I love Dog World, this space built on a shared love and compassion for our furry friends. The most important relationships in my life grew from this space, and I’ve learned to take better care of my pets along the way. Dog World (that should be a theme park, imo…) brings joy, laughter, tears, and connection.
One thing I don’t love?
There’s a lot of outdated, outmoded, and just plain dumb stuff that still circulates. Many pet professionals like dog trainers aren’t required to have any type of certification (though lots pursue it on their own). And, unfortunately, opinion rather than fact rules the day.
All this sprang up for me recently when someone messaged me regarding a specific post, and she asked, “Where do you get your research?”
I love that question for two reasons: First, it shows a healthy dose of skepticism and a critical eye. I love following the trails of others’ research and vetting sources on my own, so I greatly appreciated that inquiry! Second, I thought I had done a decent job (at least in that post) linking to sources, so it was a strong call to action on my part to really emphasize the data when it’s a research-driven post.
Anyway, as I started to craft my reply to her, I realized: I should post this! We all love dogs, and I think we’re all rational, reasonable people who are open to well-researched new ideas. I think we can all agree we’re sick of blustery claims or emotional arguments that don’t hold water–in Dog World and, you know, Real World. So I wanted to share a few things with you and hopefully this gives you some awesome weekend reading, too!
Dog Research Topics and Where to Find Sources
Here’s a confession: I read a lot. I basically read all the time. I don’t like having social media on my phone (other than Instagram, of course), but I love having it to read articles, blogs, newspapers, and so on when I have pockets of time without my computer. I keep notes on what I read, so I’m constantly gathering ideas. But, I wanted to share two of my most favorite blogs for gathering dog research topics and ideas:
A more recent discovery for me, this blog is written by Linda P. Case, an expert with the credentials to back her up. A lot of the topics center around the latest in canine nutrition. If you’re looking to binge-read a blog this weekend that focuses on how our dogs eat (and, let’s be honest, who isn’t?) this is for you. And, actually, in the past she didn’t write a ton: maybe a post every few months. However, there are already three for this year, so I’m excited to see where it goes in 2019! All that said, this is an awesome starting point for research-based information largely about canine nutrition. It’s also easy to read, turning complex data into engaging posts.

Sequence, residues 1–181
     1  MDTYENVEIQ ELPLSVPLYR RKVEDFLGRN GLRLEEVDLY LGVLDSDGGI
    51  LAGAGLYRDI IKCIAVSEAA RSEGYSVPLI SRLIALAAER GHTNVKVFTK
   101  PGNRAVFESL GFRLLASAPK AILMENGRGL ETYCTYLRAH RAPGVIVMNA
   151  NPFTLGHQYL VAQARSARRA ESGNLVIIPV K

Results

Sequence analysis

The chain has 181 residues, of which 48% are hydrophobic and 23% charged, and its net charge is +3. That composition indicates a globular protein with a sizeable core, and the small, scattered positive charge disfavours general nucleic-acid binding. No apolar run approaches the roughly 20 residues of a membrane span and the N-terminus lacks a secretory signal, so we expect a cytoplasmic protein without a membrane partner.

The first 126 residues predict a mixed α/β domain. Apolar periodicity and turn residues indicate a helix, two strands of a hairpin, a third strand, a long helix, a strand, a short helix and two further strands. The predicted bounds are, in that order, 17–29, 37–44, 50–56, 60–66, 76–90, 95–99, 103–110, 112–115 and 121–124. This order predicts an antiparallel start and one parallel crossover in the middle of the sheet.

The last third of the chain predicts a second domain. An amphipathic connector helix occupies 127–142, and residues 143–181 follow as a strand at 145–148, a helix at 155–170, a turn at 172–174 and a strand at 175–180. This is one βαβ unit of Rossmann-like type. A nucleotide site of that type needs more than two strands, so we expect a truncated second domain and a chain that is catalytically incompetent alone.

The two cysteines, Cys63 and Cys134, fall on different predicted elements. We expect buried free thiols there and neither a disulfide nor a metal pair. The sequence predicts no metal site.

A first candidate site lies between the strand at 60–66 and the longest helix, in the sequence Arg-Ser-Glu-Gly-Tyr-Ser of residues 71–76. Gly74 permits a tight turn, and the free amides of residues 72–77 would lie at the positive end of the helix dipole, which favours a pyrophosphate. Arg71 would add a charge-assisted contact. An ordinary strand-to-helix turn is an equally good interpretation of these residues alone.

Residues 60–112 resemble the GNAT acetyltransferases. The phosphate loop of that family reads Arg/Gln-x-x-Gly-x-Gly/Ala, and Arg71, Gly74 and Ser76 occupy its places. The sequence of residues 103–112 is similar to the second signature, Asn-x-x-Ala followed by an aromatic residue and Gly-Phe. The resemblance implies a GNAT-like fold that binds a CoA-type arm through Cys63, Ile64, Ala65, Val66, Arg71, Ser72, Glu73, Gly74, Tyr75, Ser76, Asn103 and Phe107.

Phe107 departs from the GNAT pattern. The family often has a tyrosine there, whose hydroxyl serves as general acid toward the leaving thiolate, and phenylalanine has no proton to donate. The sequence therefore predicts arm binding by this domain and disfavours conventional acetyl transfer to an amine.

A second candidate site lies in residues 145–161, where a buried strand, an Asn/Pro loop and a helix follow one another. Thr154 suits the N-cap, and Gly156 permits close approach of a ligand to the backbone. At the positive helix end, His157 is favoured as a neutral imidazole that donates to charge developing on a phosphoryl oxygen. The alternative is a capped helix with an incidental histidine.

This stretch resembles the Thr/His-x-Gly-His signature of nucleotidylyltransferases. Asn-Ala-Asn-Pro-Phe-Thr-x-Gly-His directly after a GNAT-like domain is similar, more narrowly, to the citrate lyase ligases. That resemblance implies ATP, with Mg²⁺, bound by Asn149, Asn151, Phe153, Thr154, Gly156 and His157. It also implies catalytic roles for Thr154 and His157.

OK, so I’m sure there’s an explanation, but there aren’t any new posts in about five months. However, the archives are so worth it. And I hope it’s not going away. I love, love this blog, one published by Scientific American. If you want to know how your dogs think–about everything from poop eating to self-recognition to the sad puppy-dog look, plus all sorts of other stuff like the science of animal shelters and even, sometimes about cat cognition–this is the site you need to read. It’s entertaining. It’s informative. It’s caused me, many times, to sit and stare at Cooper wishing even more than usual that I could get inside that head of his.
There are a ton more amazing blogs and channels that cover animal topics. Twitter is an awesome resource, as is Instagram. And, once I have some ideas, or–more often than not–I have some notes in a notebook somewhere that are little planted seeds waiting until something sparks a connection that I can turn into a post, I turn to Google Scholar. Also, I always do search the regular Google, too, because I love reading what others have to say about specific topics, especially blogs and newspapers.
Google Scholar just like regular Google, except that it only searches scholarly publications. So, for instance, recently I was hired to write a blog post for a client about the latest research on the relationship between your dog’s microbiome and his behavior (super interesting stuff!), so I went to Google Scholar and typed in “dog microbiome” as a starting point. The results are all peer-reviewed science vs. what you find on Facebook or on blogs that make claims based on “my dog.” In the end, there’s nothing wrong with that as long as you’re taking great care of your dog. I’m just someone who nearly-obsessively wants to find the actual science behind those claims.
When I used to teach college English, we talked about an “informed assessment,” that is coming to your own conclusion based on the research. That’s generally what my blog posts are: informed assessments.
I think, at the end of the day, the person messaged me originally because she disliked the claim I made in that post. And that’s fair. Everyone can dislike whatever they want, but whether or not the claim is true, well, it’s much harder to look at data, at published scientific research, and say, “Nah, I don’t think so,” than it is to disregard anecdotes.
There you have it: That’s a glimpse at how I find dog research topics and then how I research them. I have piles of notes and ideas that I’ll likely never get to, at least not in this forum, but I love the reading and the research, so that’s worth it to me, anyways!
I hope you enjoy those two blogs! Please let me know if you dig up anything fascinating, and if you have other favorite sources, please share those in the comments!